"The Very Persistent Gappers of Frip" is purportedly for ages 6 and up, and in fighting to fit the old cliche "6 to 60," it ends up a hybrid that doesn't comfortably connect on any level. Based on George Saunders' book, "Gappers" is curiously tame and uninvolving, despite some imaginative directorial flourishes by Corey Madden and the presence of Jamey Hood, who tackles her offbeat part as if she believed every word.
“The Very Persistent Gappers of Frip” is purportedly for ages 6 and up, and in fighting to fit the old cliche “6 to 60,” it ends up a hybrid that doesn’t comfortably connect on any level. Based on George Saunders’ book, “Gappers” is curiously tame and uninvolving, despite some imaginative directorial flourishes by Corey Madden and the presence of Jamey Hood, who tackles her offbeat part as if she believed every word.
Gappers, we quickly learn, are furry, orange, tennis-ball-sized intruders with 15 eyes who live in the seaside town of Frip. They jump on the area’s goats and burrow into their coats so consistently that the Gapper-glutted goats stop giving milk. Since milk is Frip’s main economic source, this situation causes havoc, and children are enlisted to brush goats daily and heave the Gappers into the ocean.
Much depends on the effectiveness of the Gappers, and although these creatures sing and populate the Kirk Douglas stage with titular persistence, they have no individuality or personality. More seriously, they don’t present a sense of danger: There’s no one to hiss or root for here. Terror and rage rarely surface, as though the creators of this musical thought such hard-hitting emotions would be unsettling for their juvenile spectators.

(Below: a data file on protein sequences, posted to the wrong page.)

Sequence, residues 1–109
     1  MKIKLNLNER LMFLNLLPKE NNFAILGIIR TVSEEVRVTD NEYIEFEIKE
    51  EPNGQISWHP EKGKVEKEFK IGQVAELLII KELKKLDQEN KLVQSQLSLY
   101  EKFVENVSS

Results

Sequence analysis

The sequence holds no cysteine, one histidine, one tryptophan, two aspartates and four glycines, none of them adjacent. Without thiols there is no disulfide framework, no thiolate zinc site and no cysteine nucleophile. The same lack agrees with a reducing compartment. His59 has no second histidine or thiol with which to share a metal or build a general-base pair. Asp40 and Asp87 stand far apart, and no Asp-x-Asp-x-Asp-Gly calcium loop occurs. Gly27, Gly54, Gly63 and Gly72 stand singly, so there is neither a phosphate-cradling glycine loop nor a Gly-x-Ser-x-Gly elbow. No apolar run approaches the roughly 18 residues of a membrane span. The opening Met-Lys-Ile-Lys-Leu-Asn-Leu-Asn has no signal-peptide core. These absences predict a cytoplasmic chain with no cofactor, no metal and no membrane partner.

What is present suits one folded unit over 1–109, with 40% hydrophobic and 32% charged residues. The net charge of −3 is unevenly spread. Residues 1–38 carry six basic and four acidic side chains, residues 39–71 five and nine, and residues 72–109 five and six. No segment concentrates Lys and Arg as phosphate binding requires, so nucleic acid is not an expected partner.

In the absence of any substantial villains, librettist Doug Cooney’s protagonists have little to butt their heads against. Lena Gwendolyn Hill and Olivia Killingsworth each portray major male and female characters, and their talent can’t overcome hollow conceptions. Sonja Alarr does a shrilly entertaining parody (“It’s a Miracle”), but she also seems stereotypical, a gag rather than a person.
Touches of tension are suggested when the scheming Gappers focus their full attention on goats belonging to the appropriately named Capable (Hood), and Capable’s neighbors selfishly allow her to handle the problem without offering help.
Hood conveys believable resentment, making the most of affectionate scenes with her dad, played by Hubert Hodgin, who periodically transcends his thin role.
Tom Beyer offers a spirited turn as the father and mother of two spunky daughters.
Songs by David O (musical director of “The Shaggs: Philosophy of the World”) have the sound of a college prodigy who can invent enough atonal harmonies and erratic interval leaps to get an A. His melodies are so crammed with complexity that the tunes offer little a child, or adult, can remember. A few, like “Easy Does It,” illustrate otherwise unused capacity for simplicity. A score this demanding also requires outstanding vocals, but voices here are only adequate.
Another miscalculation is the static, stationary nature of the goats, which are mounted on wheels and never come alive. This denies choreographer Mary Ann Kellogg any opportunity for movement and dance. The sight of goats kicking and squealing under Gapper attack would have stirred up the proceedings and made children howl with laughter.
Since memorable music and dramatic spark are in short supply, “Gappers” needs plenty of humor, and Doug Cooney’s script and lyrics attempt to fill the gap. Some of his lyrics overreach, and jokes get too corny (“What do you get when you cross a goat with a duck?” “A goat who wakes up at the quack of dawn”). But he maintains a welcome, unsentimental tone.
Absence of enchantment is accentuated by uninspired costumes and dark lighting. The whole enterprise feels conceived by adults who lack a basic grasp of the ingredients that captivate children.